5. “Turn on the signal!”
Batman Returns is by no means a great movie. It has fun sequences and looks great, but there is one moment that is simultaneously pure Burton, pure Keaton and pure Batman. When The Penguin’s goons attack Gotham at the open of the film, an overwhelmed Commissioner Gordon orders the GCPD to turn on the signal for Batman’s help. What we get is something that stays with you because we get to see what Bruce Wayne does when he’s not Batman. He meditates. He broods. He is always waiting to be Batman. I don’t have anything eloquent to say other than: it’s fucking cool.
4. “Does it come in black?”
Nolan’s Batman is not entirely humorless. It’s cheeky, actually it’s really British. The Bond/Q like scenes with Bruce Wayne and Lucious Fox, where Fox is showing all the tech Wayne Enterprises have been working on, explain how Batman can become Batman in such an entertaining way, with room for jokes and banter we feel we’re right there with Bruce. However, we know Bruce’s secret, we knew going into the theater we’d be seeing Batman. When Bruce takes the Tumbler out for a spin, we know that this unusual looking behemoth is the new Batmobile, and our new favorite car. Bruce asking if it comes in black was enough to get us all in on this new and fresh Batman adventure.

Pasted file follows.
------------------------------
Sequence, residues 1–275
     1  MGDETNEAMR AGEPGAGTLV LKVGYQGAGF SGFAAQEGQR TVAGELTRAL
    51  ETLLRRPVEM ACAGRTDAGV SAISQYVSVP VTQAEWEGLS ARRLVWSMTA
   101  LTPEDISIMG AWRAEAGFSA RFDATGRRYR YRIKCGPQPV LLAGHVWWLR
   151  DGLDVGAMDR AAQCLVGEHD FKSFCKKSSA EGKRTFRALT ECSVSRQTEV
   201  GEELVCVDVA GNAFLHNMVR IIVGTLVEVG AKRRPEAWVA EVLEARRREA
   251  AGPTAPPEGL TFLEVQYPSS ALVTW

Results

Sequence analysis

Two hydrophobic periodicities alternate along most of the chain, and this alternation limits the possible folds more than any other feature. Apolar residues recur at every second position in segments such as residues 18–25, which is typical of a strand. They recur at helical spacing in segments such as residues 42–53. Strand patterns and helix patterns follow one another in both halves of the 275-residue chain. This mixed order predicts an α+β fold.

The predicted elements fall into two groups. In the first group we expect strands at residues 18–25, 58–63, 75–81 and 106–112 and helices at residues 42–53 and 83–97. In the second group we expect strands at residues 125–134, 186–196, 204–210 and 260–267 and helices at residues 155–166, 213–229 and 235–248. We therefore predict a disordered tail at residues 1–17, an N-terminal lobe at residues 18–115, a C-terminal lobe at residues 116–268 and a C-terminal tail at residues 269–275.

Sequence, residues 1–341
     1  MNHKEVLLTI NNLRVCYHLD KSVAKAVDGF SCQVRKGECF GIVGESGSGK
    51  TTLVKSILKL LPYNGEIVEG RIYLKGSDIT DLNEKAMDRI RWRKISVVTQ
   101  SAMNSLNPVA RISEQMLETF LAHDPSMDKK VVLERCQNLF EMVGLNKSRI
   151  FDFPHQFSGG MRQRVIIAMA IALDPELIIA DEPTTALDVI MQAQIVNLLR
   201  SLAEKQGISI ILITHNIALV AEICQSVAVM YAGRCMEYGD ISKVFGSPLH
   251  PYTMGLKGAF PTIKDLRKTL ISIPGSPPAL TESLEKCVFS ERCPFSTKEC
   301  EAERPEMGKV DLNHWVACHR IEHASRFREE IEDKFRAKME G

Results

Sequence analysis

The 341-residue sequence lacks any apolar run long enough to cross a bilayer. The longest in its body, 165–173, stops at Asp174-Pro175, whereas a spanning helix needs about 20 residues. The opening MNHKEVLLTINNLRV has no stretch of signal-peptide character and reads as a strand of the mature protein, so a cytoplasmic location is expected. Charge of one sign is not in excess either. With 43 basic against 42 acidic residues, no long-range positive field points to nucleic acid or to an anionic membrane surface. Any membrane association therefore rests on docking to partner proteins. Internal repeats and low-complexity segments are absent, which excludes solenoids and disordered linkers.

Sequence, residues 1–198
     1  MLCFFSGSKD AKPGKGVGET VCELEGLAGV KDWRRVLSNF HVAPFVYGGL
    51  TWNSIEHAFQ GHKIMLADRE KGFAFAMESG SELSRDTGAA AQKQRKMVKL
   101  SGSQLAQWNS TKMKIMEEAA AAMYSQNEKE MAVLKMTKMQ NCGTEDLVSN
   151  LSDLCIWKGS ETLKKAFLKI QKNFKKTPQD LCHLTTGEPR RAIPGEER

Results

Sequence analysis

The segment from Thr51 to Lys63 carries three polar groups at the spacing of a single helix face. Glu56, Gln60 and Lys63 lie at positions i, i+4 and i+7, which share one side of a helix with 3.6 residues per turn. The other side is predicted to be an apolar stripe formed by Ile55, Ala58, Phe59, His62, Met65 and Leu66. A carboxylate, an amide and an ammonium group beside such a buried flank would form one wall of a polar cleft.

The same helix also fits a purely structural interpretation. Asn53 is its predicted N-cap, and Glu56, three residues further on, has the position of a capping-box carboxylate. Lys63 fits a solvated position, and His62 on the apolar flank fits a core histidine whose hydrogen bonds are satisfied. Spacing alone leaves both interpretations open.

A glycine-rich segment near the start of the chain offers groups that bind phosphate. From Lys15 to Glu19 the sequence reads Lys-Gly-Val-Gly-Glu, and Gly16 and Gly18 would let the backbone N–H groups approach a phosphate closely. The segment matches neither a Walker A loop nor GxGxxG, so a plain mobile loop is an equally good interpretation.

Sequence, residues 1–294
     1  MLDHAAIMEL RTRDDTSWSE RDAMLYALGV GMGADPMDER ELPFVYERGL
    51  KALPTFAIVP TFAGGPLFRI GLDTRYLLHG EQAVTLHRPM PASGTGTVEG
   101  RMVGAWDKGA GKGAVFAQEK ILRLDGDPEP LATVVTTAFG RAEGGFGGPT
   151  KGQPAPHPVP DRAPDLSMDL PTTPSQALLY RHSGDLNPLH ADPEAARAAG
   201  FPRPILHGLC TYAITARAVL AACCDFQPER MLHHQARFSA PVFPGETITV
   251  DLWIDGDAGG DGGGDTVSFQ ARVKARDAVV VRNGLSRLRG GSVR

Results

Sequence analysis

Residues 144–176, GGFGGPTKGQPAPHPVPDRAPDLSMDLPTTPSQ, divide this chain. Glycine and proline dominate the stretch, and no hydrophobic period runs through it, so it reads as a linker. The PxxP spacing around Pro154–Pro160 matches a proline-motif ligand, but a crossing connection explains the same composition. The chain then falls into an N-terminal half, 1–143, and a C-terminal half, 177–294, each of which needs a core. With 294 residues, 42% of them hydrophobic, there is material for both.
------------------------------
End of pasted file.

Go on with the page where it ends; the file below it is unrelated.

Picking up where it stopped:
3. “They weren’t afraid of me!”